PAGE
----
ABC of palliative care: Care in the communityBMJ 1998; 316 doi: https://doi.org/10.1136/bmj.316.7128.373 (Published 31 January 1998) Cite this as: BMJ 1998;316:373
- Bill O'Neill,
- Ann Rodway
The physical complexities of progressive and life threatening disease, coupled with attendant emotional and psychological consequences, demand careful coordination between primary, secondary, and tertiary care. Across the whole range of health services, an increasing amount of care is being provided on an outpatient basis or independently of hospitals altogether: most terminally ill patients spend most of their time at home.
Issues of concern for terminally ill patients
Longevity v quality of life
In the planning of care and agreeing a management plan, patients must be given an opportunity to express their wishes and these must be taken into account. Patients can make valid choices between treatment options only if they know what is happening, what help is available, what is likely to happen, and what help will be available in the future.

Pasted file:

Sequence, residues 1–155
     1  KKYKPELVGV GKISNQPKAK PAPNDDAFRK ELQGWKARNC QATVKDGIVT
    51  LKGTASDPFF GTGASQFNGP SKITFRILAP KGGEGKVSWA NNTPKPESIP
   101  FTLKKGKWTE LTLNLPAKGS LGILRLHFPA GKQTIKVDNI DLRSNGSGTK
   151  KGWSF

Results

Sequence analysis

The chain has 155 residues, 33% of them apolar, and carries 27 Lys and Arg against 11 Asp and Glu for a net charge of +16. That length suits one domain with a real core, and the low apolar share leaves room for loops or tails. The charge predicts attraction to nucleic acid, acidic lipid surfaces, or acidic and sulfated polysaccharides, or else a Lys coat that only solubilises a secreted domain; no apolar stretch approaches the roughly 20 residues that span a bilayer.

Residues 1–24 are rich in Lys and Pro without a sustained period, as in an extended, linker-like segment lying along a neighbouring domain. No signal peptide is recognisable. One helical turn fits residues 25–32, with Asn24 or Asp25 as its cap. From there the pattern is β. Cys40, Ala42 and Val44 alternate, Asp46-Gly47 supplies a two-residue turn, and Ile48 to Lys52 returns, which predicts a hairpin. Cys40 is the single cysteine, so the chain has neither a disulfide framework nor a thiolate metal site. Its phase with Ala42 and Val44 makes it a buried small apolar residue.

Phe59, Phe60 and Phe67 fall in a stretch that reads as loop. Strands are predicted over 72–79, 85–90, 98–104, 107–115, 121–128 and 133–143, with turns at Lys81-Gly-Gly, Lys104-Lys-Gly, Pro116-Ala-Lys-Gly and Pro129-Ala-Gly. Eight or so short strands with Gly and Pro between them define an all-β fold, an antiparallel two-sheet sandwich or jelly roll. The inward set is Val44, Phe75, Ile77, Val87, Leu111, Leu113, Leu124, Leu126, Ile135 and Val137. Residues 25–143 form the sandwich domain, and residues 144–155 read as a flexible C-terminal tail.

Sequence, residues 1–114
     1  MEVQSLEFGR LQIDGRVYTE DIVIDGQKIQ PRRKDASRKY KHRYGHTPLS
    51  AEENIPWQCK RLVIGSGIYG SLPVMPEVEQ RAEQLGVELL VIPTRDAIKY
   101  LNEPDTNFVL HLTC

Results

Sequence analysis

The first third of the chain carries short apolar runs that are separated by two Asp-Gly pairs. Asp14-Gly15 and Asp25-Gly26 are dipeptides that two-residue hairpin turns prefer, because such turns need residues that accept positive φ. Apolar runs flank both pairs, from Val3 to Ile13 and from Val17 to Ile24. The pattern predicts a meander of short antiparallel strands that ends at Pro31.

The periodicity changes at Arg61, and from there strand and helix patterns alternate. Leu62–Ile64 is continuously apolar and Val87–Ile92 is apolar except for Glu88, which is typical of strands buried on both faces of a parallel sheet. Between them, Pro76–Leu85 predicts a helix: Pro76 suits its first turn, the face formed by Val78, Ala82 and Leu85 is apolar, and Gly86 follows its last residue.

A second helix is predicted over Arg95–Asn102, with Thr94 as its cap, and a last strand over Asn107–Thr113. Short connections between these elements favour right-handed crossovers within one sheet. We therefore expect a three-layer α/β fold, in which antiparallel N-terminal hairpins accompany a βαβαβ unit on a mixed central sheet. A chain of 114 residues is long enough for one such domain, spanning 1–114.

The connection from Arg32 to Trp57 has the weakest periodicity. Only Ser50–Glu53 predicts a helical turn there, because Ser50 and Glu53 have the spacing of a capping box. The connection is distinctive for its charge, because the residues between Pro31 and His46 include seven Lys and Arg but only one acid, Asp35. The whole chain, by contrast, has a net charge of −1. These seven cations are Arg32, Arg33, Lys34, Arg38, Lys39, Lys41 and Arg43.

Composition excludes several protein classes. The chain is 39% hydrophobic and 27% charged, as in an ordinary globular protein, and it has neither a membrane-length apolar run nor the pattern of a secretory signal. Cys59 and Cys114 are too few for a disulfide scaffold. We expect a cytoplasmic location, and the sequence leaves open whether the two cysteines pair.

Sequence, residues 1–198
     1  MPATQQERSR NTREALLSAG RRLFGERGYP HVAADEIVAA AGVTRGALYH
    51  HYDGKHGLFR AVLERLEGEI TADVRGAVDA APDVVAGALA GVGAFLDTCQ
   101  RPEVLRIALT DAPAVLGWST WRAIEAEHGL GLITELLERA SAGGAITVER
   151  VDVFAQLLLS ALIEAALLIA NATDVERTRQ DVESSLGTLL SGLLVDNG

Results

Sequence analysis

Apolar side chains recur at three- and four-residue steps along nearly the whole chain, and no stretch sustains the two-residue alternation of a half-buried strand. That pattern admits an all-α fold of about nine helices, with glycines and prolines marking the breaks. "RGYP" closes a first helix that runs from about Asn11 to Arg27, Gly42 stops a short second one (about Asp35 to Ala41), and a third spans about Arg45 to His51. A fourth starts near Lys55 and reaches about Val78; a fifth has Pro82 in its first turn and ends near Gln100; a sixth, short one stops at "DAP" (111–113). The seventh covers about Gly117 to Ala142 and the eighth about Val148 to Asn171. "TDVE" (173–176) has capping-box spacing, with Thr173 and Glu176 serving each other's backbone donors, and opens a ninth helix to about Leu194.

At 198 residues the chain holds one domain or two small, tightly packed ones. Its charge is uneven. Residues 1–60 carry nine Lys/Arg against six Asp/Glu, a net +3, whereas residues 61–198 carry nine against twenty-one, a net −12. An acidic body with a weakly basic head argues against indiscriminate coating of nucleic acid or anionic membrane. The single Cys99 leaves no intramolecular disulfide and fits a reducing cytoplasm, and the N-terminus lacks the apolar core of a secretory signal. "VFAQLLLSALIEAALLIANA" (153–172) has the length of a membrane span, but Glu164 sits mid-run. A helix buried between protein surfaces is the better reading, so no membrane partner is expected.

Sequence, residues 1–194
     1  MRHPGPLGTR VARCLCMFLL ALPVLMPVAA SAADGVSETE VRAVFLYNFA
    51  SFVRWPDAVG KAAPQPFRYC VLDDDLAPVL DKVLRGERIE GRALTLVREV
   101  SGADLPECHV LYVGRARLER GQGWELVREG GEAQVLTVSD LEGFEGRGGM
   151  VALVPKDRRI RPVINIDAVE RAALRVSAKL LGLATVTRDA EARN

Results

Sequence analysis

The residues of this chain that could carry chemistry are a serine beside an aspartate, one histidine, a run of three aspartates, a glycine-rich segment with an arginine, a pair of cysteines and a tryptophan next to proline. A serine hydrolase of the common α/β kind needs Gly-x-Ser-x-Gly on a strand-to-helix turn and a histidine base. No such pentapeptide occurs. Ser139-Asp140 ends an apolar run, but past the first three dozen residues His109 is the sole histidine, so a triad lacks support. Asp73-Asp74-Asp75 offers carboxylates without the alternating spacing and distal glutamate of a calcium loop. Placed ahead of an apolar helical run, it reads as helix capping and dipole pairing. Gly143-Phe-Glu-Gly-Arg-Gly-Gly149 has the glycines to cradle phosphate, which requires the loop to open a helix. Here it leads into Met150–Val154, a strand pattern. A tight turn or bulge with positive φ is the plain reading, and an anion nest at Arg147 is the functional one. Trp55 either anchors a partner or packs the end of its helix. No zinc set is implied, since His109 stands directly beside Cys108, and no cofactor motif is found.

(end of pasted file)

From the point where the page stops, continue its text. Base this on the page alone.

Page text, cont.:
Patients who make advance statements must be made aware that they cannot authorise or refuse in advance what they could not normally authorise or refuse— unlawful procedures such as euthanasia or futile or inappropriate treatment
It is important to document accurately at each point what a patient's wishes are. Information must be tailored to patients to meet their need for knowledge and given at a pace with which they can cope. Rarely, patients may choose not to be informed. Some patients may wish to complete an advance statement, giving instructions about their wishes in the event of their losing the capacity to decide or to communicate.
Demands of home care
Equipment and modifications that may be needed for home care of patients
Raised toilet seat
It can be much easier to care for patients in a hospital, hospice, or nursing home because of the infrastructure and immediate support available. Caring for a patient at home presents a challenge, and sometimes …